Therapeutically interchangeable? A study of real-world outcomes associated with switching basal insulin analogues among US patients with type 2 diabetes mellitus using electronic medical records data

P. Levin, W. Wei, R. Miao, F. Ye, L. Xie, O. Baser, J. Gill

Research output: Contribution to journalArticlepeer-review

Abstract

Aims: To evaluate real-world clinical outcomes for switching basal insulin analogues [insulin glargine (GLA) and insulin detemir (DET)] among US patients with type 2 diabetes mellitus (T2DM). Methods: Using the GE Centricity Electronic Medical Records database, this retrospective study examined two cohorts: cohort 1, comprising patients previously on GLA and then either switching to DET (DET-S) or continuing with GLA (GLA-C); and cohort 2, comprising patients previously on DET and then either switching to GLA (GLA-S) or continuing with DET (DET-C). Within each cohort, treatment groups were propensity-score-matched on baseline characteristics. At 1-year follow-up, insulin treatment patterns, glycated haemoglobin (HbA1c) levels, hypoglycaemic events, weight and body mass index (BMI) were evaluated. Results: The analysis included 13942 patients: cohort 1: n=10657 (DET-S, n=1797 matched to GLA-C, n=8860) and cohort 2: n=3285 (GLA-S, n=858 matched to DET-C, n=2427). Baseline characteristics were similar between the treatment groups in each cohort. At 1-year follow-up, in cohort 1, patients in the DET-S subgroup were significantly less persistent with treatment, more likely to use a rapid-acting insulin analogue, had higher HbA1c values, lower HbA1c reductions and lower proportions of patients achieving HbA1c <7.0 or <8.0% compared with patients in the GLA-C subgroup, while hypoglycaemia rates and BMI/weight values and change from baseline were similar in the two subgroups. In cohort 2, overall, there were contrasting findings between patients in the GLA-S and those in the DET-C subgroup. Conclusions: This study showed contrasting results when patients with T2DM switched between basal insulin analogues, although these preliminary results may be subject to limitations in the analysis. Nevertheless, this study calls into question the therapeutic interchangeability of GLA and DET, and this merits further investigation.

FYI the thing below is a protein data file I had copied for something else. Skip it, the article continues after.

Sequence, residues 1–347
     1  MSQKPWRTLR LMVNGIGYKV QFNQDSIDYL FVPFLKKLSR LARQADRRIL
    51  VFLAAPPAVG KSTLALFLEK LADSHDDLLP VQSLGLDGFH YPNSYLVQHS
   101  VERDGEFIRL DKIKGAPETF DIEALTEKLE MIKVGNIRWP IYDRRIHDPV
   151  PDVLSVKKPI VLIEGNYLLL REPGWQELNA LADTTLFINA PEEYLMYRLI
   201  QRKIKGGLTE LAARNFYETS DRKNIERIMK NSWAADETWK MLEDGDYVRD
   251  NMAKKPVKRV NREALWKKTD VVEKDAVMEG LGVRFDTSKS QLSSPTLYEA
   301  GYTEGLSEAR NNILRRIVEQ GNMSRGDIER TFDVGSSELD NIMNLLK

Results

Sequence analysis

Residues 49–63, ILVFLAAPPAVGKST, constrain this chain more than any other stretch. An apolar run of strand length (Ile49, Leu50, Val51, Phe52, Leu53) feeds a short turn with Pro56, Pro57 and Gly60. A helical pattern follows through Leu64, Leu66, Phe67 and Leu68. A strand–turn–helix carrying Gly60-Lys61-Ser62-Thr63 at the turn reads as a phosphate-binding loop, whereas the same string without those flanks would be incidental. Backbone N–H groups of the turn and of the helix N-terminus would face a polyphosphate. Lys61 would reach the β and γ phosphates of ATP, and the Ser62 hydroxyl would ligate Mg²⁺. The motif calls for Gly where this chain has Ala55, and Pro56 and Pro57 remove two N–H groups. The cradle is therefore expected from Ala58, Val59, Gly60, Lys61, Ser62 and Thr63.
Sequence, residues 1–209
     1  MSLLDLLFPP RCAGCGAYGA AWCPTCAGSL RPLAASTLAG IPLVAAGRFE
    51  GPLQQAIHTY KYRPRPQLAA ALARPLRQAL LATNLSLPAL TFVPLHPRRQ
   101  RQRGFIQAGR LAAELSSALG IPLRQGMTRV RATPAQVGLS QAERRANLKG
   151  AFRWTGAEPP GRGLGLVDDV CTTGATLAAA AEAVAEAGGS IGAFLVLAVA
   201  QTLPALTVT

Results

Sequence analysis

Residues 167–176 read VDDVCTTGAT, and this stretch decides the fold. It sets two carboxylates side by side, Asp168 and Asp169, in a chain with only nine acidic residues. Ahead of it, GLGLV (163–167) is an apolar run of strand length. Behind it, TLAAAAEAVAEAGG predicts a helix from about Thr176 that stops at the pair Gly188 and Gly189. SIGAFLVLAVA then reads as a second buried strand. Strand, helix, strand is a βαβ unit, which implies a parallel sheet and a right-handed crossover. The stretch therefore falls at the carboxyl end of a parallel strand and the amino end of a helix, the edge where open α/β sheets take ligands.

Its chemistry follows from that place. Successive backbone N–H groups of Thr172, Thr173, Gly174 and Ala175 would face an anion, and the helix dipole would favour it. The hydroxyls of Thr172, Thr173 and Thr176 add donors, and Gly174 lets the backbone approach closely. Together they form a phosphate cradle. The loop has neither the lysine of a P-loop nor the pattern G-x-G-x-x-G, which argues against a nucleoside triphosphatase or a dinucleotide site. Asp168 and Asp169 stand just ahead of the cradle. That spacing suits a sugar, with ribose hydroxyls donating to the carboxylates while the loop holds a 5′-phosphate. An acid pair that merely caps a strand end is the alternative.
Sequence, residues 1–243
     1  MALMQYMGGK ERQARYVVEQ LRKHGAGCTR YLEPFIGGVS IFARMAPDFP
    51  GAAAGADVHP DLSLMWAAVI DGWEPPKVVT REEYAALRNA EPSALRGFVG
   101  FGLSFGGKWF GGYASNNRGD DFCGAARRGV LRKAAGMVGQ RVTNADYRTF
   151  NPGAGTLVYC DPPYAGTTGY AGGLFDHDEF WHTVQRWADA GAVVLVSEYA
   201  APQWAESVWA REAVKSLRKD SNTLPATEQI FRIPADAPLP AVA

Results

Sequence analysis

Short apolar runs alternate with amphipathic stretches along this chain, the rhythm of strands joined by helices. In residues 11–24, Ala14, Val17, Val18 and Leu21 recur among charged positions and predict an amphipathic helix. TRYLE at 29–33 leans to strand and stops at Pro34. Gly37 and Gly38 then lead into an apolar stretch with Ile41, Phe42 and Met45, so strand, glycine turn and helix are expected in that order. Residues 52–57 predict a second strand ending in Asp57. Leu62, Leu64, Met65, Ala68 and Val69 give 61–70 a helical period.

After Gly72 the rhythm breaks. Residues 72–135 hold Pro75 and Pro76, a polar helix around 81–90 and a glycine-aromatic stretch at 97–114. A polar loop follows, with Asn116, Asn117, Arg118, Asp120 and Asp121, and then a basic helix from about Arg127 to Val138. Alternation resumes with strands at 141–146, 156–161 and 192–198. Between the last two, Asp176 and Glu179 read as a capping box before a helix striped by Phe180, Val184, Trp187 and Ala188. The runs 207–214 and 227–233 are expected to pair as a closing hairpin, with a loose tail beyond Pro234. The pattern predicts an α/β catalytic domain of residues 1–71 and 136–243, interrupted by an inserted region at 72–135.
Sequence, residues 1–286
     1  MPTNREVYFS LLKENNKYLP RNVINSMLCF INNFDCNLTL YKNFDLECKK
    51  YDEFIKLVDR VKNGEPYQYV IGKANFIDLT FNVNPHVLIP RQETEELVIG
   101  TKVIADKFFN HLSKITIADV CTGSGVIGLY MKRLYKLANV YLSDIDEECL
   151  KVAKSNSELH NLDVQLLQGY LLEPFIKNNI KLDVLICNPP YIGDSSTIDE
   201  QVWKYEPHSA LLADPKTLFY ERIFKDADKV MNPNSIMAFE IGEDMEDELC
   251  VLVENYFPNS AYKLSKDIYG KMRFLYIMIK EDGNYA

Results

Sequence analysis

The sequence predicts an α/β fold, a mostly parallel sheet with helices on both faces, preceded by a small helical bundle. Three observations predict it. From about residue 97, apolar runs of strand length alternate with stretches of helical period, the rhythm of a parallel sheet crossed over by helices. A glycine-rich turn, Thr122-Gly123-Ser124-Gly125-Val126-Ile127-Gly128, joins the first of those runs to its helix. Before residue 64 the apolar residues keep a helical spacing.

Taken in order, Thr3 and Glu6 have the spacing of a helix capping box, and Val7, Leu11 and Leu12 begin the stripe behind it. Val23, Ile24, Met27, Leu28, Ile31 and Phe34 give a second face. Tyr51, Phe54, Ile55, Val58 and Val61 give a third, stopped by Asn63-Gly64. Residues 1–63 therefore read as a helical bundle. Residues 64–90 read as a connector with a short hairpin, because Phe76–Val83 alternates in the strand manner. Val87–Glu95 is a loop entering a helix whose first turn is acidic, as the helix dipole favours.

Original languageEnglish (US)
Pages (from-to)245-253
Number of pages9
JournalDiabetes, Obesity and Metabolism
Volume17
Issue number3
DOIs
StatePublished - Mar 1 2015
Externally publishedYes

Keywords

  • Adherence
  • Cost
  • Hypoglycaemia
  • Insulin detemir
  • Insulin glargine
  • Persistence
  • Switching
  • Type 2 diabetes

ASJC Scopus subject areas

  • Internal Medicine
  • Endocrinology, Diabetes and Metabolism
  • Endocrinology

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